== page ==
Produced by the Modern Language Association, MLA style is used mainly in the humanities. Like Harvard, MLA style prefers in-line referencing of author name and page numbering in a specified order.
Appearing at the end of your paper, this should cite all sources used in the text.
Surname, First name Initials. Title of Book. Edition, Publisher, year of publication.
Author. "Title of Chapter." Title of Book, edited by Editor, edition, Publisher, year of publication, pp. page numbers.
Journal articles and articles from a database:
Author. "Title of Article." Title of Publication, vol. volume, no. issue, year of publication, pp. page numbers. Name of Database, doi:Digital Object Identifier.
Author. "Title of Article." Title of Publication, vol. volume, no. issue, year of publication, pp. page numbers. Name of Database, URL.
Author. "Title of Webpage." Title of Website, Publisher or Sponsor of the Site, publication date or last update, URL.
Items with multiple authors:
If there are two authors, reverse the order of the first author’s name and place a comma preceding an ‘and’ before the second author’s name.
Mozart, Wolfgang Amadeus, and Franz Anton Hoffmeister.
If there are three or more authors, include only the first author’s name, followed by ‘et al.’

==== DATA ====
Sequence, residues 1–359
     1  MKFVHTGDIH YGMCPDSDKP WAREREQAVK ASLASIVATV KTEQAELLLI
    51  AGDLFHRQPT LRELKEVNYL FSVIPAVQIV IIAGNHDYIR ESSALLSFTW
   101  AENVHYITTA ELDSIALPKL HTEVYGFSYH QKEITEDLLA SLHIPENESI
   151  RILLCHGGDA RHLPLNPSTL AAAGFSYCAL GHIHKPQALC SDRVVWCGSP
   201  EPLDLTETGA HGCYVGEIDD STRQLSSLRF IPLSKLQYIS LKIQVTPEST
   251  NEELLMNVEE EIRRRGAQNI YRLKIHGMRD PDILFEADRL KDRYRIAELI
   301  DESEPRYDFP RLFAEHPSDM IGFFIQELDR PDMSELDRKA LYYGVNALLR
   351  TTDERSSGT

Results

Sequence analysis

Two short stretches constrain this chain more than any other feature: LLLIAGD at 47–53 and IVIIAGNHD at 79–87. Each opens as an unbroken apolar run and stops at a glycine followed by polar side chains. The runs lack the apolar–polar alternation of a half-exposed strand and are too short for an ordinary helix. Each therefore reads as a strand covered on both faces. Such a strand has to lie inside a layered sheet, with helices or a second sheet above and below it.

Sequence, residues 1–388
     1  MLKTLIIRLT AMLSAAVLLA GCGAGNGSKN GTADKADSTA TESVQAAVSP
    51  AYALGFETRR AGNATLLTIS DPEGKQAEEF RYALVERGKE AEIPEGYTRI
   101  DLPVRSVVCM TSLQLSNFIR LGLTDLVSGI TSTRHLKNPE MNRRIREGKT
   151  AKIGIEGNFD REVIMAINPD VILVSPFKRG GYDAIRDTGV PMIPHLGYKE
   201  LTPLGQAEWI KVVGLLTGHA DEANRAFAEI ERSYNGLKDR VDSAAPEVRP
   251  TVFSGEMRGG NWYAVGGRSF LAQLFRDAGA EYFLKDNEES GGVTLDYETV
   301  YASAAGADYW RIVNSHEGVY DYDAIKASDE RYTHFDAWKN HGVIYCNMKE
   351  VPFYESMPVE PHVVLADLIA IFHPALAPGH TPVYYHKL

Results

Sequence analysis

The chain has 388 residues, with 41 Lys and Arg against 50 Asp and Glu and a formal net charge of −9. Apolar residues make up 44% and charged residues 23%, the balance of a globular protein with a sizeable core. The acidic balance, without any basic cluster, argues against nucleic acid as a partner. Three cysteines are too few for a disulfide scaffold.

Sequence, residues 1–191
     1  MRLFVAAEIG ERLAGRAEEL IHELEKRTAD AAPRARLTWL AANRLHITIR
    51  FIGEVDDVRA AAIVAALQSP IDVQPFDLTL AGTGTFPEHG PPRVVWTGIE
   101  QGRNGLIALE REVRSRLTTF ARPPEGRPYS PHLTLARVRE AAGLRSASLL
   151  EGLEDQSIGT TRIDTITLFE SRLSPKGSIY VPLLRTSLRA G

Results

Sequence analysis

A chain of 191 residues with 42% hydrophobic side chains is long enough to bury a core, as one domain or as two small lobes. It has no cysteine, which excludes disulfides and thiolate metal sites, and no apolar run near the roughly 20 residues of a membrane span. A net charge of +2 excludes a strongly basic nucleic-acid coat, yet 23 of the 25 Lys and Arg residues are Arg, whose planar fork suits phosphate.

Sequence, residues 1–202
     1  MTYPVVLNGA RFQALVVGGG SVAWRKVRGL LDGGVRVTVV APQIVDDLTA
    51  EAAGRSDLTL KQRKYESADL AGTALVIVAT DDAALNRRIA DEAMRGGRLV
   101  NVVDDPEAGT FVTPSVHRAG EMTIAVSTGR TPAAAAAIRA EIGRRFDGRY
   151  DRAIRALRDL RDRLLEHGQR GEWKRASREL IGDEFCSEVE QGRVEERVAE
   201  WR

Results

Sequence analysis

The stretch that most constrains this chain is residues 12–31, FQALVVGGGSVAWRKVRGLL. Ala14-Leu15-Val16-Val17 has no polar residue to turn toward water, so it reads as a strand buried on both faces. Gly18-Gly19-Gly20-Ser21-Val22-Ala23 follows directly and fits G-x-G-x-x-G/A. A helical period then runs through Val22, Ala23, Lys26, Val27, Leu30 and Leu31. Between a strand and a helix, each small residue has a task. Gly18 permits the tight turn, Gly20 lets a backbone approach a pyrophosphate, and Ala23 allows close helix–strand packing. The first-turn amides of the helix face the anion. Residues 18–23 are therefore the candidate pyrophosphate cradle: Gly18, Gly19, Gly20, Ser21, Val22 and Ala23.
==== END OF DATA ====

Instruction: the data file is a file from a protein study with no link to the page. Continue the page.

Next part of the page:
Mozart, Wolfgang A., et al.
In MLA reference style, in-text referencing using parentheses is used, with the reference list appearing at the end of the document. In-text referencing should include the author’s name and page numbering, unless you cite material from the same author in the same paragraph, only the page numbering is needed provided excluding the author’s name may cause confusion.
This view originated in the aftermath of the Franco-Prussian war (Smith 173). It was noted that a general staff became a crucial consideration in the constitution of European armies (173).
Examples of quotations:
“A general staff was now a crucial consideration in the constitution of European armies” (Smith 173).
Examples where a cited item has no author:
This appears not to have been recognised before 1871 (The Horseshoe War 22).
In The Horseshoe War (22) it is suggested that this was not recognised before 1871.
Examples with two authors:
The use of a shako now came to be viewed as essential by cavalry (Plunkett and Burns 232). Although their size and weight emphasised cavalry’s ceremonial—rather than martial—aspect (243).
Examples with three or more authors:
Either cite all names as they appear on the title page of the source, or only the first author, followed by ‘et al.’
Prior to the Great War cavalry had generally reverted to mounted infantry expected to dismount before engaging enemy infantry (Clive et al 416).